Unfortunately, we are again in arrears to the UN. For over a year, we have not been paying our full contribution for its peacekeeping operations — missions in places like Lebanon, Sudan, Haiti, the Democratic Republic of Congo, and Kosovo — that advance our national interests while sharing the human, political and financial costs of peacekeeping with other nations. The Peacekeeping arrears — $117 million to date — are due to an outdated cap which prohibits the U.S. from paying more than 25 per cent of the United Nations’ peacekeeping budget. However, the UN is billing us at just under 27 percent (a reduction from 31 percent, negotiated by U.S. Ambassador Holbrooke in 2000, under the terms of my legislation). If we continue to let the arrears stand, these critical missions could suffer, the nations who have been contributing their troops as peacekeepers might begin to balk at future requests, and our standing to press for further UN reform will be diminished. This is why I introduced a bill to correct the cap problem and pay our arrears, S. 392, which the Senate Foreign Relations Committee approved on June 27.

Ironically, while our arrears are rising, the importance of UN peacekeeping is rising too. If the UN didn’t conduct these missions, we might have to — at a much higher financial cost and burden on our over-stretched military. Our yearly dues to UN peacekeeping, which support missions in 18 conflict zones, are just over $1 billion — less than the cost of a week in Iraq, and less than 0.5 percent of our entire Defense budget.

The UN ‘blue helmets’ are literally on the front lines in conflicts that are the worst of the worst: protecting civilians, monitoring cease-fires, clearing mine fields, and disarming combatants. We vote time and again in the UN Security Council, and rightfully so, to support these critical missions — and our financial support should be in harmony with our policy. We can not, in good conscience, continue to shortchange these operations.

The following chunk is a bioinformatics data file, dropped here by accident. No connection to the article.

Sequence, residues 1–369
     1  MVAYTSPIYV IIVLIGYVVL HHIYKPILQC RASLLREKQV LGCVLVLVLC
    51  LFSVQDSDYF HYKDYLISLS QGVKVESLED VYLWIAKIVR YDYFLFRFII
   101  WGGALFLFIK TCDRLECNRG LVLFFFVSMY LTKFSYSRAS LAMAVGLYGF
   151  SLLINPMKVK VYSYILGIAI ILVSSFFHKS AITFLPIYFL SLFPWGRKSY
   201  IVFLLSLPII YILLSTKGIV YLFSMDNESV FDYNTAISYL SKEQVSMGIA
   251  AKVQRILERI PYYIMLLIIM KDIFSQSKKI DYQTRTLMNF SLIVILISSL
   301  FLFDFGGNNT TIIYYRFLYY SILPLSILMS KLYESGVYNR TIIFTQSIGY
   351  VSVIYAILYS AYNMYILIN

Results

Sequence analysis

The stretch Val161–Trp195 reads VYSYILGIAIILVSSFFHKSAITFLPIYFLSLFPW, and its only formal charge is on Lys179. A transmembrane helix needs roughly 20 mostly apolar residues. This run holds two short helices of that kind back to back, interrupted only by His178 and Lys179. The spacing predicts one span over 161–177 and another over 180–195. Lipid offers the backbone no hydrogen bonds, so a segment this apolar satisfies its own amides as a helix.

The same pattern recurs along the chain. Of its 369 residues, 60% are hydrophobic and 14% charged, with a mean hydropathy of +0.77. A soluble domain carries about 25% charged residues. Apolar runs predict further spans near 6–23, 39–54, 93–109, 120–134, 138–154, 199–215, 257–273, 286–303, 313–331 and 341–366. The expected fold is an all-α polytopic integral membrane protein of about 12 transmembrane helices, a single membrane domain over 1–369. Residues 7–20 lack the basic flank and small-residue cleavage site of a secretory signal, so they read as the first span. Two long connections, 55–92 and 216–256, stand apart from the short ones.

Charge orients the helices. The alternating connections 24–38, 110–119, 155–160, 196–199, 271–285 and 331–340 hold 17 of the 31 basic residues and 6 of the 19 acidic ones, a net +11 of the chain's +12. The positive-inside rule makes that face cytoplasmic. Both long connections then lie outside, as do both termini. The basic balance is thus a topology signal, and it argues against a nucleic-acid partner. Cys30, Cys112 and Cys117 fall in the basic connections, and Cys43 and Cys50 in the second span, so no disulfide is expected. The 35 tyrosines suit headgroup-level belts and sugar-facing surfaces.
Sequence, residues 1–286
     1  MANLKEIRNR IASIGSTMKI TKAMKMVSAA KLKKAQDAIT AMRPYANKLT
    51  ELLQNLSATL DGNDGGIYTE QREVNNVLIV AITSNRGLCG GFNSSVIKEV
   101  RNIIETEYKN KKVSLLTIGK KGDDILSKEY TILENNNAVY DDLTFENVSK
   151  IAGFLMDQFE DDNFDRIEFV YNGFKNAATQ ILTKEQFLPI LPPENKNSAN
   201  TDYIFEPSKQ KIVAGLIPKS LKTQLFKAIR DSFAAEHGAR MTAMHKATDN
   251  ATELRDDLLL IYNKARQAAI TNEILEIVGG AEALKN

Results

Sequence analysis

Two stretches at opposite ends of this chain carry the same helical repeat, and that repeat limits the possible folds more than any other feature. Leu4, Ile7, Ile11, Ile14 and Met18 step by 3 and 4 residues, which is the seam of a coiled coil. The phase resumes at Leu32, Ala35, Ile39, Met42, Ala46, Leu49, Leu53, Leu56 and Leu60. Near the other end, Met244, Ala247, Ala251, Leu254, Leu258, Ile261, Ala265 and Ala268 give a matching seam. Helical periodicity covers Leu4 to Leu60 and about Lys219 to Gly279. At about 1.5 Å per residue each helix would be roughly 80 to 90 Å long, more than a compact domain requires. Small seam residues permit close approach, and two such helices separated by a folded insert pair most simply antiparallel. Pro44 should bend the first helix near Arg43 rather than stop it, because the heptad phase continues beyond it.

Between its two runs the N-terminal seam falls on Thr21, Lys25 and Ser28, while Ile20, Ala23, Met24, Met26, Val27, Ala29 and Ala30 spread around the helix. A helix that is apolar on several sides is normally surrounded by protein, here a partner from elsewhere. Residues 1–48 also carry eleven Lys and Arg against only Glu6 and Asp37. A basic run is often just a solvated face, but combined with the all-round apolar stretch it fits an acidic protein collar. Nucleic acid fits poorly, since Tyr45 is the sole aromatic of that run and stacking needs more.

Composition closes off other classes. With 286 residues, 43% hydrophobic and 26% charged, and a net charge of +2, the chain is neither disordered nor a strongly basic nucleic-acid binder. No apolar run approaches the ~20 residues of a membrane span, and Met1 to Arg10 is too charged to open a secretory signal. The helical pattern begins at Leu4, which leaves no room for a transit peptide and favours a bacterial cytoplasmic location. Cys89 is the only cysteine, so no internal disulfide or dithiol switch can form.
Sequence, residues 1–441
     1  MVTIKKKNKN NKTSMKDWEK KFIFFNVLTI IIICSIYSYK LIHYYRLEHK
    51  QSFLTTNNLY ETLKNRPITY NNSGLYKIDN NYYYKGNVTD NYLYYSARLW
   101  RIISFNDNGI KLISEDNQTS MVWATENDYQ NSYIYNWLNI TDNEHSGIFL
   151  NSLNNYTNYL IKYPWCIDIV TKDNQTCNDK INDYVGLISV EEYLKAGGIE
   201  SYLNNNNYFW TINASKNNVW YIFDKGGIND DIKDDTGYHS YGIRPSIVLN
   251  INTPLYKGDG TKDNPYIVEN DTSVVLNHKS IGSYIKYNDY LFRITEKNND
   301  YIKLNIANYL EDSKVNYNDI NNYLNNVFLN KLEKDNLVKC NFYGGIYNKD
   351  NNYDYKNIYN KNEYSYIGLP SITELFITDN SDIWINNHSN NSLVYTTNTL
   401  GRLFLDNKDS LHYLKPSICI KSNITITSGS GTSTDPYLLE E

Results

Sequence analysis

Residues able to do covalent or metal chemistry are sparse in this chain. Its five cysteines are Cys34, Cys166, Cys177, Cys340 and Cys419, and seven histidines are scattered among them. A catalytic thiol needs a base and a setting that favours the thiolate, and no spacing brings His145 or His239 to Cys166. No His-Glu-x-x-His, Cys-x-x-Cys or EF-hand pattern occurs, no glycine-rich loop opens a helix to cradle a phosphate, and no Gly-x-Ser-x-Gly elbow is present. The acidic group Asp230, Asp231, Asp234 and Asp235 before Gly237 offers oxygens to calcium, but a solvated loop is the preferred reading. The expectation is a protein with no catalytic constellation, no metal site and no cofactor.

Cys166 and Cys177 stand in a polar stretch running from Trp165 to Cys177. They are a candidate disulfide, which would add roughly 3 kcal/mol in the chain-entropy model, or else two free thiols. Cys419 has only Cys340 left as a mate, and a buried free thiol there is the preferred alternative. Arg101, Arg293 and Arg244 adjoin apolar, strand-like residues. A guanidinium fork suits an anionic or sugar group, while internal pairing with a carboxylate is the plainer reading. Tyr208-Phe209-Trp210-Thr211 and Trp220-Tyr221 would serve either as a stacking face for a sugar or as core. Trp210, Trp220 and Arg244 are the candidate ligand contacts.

Once again the United States is accumulating significant arrears to UN Peacekeeping

Since the Trump administration came to office in 2017, Congress has declined to lift this 25% cap so the amount of US arrears have increased year-over year.  As of November 2, 2020, the United States is about $900 million in arrears to UN Peacekeeping, which is fielding about 80,000 blue helmets across 13 missions around the world.

These arrears are having a deleterious impact on the ability of the UN Peacekeepers to carryout their missions in several hotspots around the world. The UN Secretary General has warned of a deepening liquidity crisis in some UN Peacekeeping missions, meaning UN peacekeeping missions are cash strapped.

Persistent cash-flow problems stemming from the non-payment or late payment of dues from key UN member states (chief among them, the United States) has been a defining challenge for the United Nations during the past few years.  When Joe Biden is sworn in there is a decent chance that these arrears will be paid and future payments will be made on time and in full. This will provide an immediate boost to the UN’s work around the world and significantly enhance America’s relationship with the United Nations, which has declined during the Trump years.

To be sure, most presidents do not get into granular detail about UN budgetary processes. But Biden may be different —  the guiding legislation, after all, bears his name.